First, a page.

A total of 17 participants received CAR T therapy, all who have previously tried five different kinds of multiple myeloma treatment. The majority of participants developed cancer resistance to their last line of treatment; this includes a group of individuals who previously received Target 1 CAR T therapy.
On the whole, this study successfully confirms Target 2 CAR T therapy as safe and effective, particularly for individuals who have already received Target 1 CAR T cell therapy or have run through several other therapeutic options. Around 78% of patients had a partial response or better, and 59% had a very good partial response or better. The therapy was effective even ten months after infusion for some individuals.
Common CAR T therapy side effects include cytokine release syndrome and immune effector cell-associated neurotoxicity (ICANS). While both conditions can be reversed with prompt treatment, the severity of both side effects can range from mild to life-threatening. Most participants experienced milder cytokine release, with the exception of one patient who experienced life-threatening side effects. All with side effects were treated.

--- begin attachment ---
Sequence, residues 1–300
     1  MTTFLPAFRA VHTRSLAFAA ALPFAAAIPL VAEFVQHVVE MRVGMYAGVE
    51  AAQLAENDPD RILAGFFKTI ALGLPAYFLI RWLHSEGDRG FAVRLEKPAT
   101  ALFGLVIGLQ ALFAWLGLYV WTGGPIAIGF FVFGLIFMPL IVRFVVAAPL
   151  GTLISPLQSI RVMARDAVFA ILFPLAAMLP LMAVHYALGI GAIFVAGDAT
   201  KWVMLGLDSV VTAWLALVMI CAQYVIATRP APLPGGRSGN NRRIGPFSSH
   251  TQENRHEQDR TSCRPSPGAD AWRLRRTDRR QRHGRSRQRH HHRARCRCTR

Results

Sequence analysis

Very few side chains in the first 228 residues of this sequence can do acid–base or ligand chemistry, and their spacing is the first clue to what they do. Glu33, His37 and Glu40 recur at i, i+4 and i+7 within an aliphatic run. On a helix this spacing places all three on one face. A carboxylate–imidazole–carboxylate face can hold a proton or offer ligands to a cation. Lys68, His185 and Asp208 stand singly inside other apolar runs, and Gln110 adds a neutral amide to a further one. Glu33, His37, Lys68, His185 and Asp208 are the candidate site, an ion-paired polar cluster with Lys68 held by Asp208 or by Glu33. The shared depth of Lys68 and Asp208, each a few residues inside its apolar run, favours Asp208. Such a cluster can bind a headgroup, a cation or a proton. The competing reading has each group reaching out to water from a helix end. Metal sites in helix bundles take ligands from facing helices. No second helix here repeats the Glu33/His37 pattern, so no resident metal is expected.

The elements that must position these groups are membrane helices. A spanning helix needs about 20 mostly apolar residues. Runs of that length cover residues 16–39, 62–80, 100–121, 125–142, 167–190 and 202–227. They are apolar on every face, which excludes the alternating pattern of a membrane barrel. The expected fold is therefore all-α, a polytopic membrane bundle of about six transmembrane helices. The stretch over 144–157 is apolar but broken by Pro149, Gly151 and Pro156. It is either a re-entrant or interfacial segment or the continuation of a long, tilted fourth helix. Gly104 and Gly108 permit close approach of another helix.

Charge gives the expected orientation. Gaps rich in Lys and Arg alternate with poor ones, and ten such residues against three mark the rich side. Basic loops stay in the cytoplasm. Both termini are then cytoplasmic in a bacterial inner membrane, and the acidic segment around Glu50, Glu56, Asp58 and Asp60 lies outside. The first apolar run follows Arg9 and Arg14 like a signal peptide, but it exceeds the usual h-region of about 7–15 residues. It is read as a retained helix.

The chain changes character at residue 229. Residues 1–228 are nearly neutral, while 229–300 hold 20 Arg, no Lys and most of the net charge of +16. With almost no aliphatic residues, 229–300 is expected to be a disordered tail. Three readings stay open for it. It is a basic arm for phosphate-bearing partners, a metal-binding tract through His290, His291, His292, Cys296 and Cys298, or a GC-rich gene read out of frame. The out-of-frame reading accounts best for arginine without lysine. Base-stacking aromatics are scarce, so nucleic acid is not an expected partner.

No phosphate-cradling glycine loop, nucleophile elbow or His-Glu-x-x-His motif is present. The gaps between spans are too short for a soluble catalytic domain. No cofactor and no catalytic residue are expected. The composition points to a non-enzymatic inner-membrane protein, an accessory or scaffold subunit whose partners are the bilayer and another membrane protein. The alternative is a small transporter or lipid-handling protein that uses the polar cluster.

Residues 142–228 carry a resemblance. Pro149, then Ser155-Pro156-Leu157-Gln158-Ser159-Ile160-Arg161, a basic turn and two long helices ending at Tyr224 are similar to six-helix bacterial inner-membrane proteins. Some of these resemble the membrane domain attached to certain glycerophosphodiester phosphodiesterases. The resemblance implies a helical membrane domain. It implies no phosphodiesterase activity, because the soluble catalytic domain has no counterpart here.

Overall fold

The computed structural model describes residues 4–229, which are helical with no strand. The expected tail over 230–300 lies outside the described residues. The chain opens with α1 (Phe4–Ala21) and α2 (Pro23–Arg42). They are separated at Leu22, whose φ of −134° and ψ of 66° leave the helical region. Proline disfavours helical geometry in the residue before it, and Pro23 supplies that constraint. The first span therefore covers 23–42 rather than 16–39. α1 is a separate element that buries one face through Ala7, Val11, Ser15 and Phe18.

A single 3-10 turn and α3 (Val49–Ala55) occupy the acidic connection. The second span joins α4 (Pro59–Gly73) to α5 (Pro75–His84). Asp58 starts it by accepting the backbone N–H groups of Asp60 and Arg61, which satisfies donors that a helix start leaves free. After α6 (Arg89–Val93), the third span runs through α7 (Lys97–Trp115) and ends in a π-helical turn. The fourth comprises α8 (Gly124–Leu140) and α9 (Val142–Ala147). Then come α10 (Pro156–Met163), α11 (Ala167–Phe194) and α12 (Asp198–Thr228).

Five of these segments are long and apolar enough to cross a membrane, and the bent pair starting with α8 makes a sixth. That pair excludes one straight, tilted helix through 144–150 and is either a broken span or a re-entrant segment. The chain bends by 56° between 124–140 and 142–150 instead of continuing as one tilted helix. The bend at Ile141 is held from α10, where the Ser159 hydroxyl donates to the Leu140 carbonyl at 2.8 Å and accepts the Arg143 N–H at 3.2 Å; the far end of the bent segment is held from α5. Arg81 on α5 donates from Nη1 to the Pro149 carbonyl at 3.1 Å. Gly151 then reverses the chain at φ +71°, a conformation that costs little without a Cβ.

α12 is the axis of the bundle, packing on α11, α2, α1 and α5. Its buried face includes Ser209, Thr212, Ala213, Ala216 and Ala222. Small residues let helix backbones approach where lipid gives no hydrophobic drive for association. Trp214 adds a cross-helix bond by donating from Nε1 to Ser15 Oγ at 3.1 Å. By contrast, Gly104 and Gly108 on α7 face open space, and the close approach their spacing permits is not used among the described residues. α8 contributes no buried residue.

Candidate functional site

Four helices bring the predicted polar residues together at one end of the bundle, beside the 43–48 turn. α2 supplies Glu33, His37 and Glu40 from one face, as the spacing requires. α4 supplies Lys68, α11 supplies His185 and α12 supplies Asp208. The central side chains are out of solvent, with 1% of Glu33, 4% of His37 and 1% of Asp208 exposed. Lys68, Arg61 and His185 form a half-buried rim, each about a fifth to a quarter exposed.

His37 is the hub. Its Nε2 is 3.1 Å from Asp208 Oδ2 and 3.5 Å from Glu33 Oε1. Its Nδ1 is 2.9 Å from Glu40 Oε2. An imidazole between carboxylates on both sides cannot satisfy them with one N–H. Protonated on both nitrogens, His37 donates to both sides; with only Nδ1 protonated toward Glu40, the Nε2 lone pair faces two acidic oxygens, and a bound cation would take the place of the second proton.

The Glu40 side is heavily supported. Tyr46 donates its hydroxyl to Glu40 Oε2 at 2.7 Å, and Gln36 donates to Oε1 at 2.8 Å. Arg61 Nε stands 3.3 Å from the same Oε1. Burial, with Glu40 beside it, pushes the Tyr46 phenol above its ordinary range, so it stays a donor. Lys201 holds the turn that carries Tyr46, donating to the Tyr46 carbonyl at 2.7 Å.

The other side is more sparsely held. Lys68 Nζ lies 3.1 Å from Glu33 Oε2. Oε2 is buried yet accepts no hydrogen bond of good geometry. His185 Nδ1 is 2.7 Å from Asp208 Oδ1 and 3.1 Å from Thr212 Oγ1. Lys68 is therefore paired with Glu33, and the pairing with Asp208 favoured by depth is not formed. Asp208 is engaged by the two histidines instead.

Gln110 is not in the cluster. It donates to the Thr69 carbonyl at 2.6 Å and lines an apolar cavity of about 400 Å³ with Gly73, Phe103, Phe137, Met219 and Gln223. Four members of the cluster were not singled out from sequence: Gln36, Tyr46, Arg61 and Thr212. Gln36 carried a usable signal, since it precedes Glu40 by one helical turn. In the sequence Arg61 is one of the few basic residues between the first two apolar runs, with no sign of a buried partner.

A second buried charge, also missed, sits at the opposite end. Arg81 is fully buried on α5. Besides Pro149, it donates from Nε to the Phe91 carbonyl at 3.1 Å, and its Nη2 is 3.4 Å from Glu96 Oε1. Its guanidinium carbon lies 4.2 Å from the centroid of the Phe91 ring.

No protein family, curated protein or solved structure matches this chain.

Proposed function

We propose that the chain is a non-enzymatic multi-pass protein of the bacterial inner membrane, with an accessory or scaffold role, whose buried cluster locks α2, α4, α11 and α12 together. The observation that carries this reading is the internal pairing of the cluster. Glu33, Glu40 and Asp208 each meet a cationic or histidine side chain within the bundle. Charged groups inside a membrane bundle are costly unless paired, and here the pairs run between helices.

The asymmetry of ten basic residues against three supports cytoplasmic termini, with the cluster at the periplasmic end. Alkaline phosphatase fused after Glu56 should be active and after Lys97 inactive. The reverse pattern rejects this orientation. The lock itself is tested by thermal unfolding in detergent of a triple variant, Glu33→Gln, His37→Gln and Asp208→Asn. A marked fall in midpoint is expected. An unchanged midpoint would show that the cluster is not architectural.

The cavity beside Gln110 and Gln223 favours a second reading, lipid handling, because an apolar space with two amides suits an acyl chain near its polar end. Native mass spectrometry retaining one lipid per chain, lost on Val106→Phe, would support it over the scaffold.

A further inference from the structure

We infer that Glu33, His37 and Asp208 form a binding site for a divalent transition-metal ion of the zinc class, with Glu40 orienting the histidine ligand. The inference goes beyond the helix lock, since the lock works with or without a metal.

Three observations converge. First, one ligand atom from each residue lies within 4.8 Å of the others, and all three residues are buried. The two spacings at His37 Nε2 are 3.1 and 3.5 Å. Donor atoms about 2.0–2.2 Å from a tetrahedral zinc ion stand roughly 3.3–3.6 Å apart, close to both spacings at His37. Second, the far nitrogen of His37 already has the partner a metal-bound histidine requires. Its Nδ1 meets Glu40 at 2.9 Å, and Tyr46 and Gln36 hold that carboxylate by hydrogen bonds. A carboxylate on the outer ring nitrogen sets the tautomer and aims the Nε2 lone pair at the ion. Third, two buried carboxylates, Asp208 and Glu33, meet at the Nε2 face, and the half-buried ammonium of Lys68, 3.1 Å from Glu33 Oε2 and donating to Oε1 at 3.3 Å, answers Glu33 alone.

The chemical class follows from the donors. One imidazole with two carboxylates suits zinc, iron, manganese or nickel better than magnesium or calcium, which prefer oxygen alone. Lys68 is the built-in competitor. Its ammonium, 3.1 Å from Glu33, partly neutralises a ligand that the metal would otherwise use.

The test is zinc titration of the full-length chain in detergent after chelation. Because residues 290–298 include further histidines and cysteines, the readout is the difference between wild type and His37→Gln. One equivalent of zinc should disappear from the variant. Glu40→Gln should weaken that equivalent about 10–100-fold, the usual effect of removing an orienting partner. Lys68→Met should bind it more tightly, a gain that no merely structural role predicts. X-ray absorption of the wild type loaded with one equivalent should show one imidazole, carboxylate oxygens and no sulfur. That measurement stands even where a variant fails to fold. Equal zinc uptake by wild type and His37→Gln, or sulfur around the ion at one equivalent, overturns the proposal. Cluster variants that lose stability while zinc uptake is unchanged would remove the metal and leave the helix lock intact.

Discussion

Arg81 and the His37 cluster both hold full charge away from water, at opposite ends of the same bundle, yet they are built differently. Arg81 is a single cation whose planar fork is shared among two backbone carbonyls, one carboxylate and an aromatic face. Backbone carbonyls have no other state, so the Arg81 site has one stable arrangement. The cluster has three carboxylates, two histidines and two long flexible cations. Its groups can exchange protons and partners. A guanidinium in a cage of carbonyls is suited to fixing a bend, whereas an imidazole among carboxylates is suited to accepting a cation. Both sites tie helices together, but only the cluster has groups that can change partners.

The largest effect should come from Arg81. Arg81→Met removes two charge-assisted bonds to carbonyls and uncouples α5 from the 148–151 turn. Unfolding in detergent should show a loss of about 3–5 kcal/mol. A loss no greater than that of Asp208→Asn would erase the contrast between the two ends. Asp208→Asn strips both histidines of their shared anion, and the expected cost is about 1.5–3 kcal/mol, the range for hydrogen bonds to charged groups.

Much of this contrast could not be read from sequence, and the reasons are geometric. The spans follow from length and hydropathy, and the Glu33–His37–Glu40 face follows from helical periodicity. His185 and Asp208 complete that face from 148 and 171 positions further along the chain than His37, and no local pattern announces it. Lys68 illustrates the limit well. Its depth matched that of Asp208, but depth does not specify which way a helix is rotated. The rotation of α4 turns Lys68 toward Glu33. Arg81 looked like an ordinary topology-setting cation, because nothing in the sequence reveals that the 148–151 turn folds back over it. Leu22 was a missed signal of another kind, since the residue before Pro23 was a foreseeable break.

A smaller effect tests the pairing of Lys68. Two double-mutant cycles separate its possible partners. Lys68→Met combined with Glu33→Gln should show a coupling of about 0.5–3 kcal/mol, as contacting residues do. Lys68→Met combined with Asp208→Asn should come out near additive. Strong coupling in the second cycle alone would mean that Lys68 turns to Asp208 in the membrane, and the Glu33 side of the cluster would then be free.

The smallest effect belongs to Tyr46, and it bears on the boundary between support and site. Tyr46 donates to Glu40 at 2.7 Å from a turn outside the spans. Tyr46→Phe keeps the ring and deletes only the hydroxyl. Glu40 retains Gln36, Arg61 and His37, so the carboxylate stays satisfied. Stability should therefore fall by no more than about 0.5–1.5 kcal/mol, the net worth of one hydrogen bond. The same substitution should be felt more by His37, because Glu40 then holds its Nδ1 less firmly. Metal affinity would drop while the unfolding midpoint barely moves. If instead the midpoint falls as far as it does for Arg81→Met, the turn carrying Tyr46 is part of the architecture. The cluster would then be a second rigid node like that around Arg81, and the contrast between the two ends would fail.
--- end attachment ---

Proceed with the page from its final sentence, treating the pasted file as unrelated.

Mailankody et al. demonstrate that Target 2 CAR T therapy can effectively treat multiple myeloma. If Target 1 CAR T therapy fails, Target 2 appears to be a viable alternative. The results also suggest that using Target 1 and Target 2 CAR T therapies in succession could lead to positive outcomes. A third alternative is to enhance the T cell design further to allow for tandem targeting; an ideal synergy could be attained if T cells were fitted with both Target 1 and Target 2 receptors, hopefully resulting in longer remission periods and increased survival.